BACKGROUND: Early detection is the best way to control breast cancer. This observational epidemiologic study uses ten years of data, 1988-1997, to determine whether the observed variations in the proportion of breast cancers diagnosed at late stage are simply random or are statistically significant with respect to both geographical location and time.
RESULTS: A total of three spatial-temporal areas were found to deviate significantly from randomness in the unadjusted analysis; one of the three areas contained statistically significant excesses in proportion of late stage, while two areas were identified as significantly lower than expected. The area of excess spanned the first three years of the study period, while the low areas spanned the last five years of the study period. Some of these areas were no longer statistically significant when adjustments were made for SES and urban/rural status.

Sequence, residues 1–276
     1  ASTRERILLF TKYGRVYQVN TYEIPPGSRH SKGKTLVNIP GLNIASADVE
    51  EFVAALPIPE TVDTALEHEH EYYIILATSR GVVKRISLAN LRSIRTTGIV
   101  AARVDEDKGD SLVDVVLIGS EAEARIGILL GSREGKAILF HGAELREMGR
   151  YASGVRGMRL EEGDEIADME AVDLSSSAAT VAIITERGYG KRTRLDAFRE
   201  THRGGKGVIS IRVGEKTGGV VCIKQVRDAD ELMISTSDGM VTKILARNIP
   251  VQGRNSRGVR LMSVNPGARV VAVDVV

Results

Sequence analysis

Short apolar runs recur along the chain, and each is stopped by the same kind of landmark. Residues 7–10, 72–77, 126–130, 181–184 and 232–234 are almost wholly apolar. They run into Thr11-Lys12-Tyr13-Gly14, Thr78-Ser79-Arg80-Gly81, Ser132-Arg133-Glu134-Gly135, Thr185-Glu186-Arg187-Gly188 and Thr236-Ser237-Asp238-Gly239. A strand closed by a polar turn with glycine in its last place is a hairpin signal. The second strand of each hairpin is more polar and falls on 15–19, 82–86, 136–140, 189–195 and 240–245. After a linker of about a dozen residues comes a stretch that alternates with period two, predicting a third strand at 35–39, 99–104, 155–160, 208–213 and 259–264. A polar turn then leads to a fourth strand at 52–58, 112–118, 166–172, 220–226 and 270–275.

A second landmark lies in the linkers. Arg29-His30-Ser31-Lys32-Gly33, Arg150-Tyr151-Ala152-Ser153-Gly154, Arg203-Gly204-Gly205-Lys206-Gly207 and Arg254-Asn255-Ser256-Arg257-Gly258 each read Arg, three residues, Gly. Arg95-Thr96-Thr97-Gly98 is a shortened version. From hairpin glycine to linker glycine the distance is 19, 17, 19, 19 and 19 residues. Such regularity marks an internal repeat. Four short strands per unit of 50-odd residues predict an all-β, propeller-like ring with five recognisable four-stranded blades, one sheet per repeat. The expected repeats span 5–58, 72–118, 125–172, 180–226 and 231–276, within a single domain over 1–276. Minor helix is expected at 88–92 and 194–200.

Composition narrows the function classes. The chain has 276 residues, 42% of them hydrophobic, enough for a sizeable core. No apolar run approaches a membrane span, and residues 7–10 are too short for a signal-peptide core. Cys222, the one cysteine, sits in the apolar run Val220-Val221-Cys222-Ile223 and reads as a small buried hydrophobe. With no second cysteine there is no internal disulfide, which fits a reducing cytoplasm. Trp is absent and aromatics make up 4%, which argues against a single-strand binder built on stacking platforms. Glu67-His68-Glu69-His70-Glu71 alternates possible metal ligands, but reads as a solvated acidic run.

CONCLUSION: Although there was an area of excess in eastern Massachusetts, it only spanned the first three years of the study period. The low areas were fairly consistent, spanning the last five years of the study period.
Sheehan, T Joseph and DeChello, Laurie M, "A Space-Time Analysis of the Proportion of Late Stage Breast Cancer in Massachusetts, 1988 to 1997." (2005). SoM Articles. Paper 3.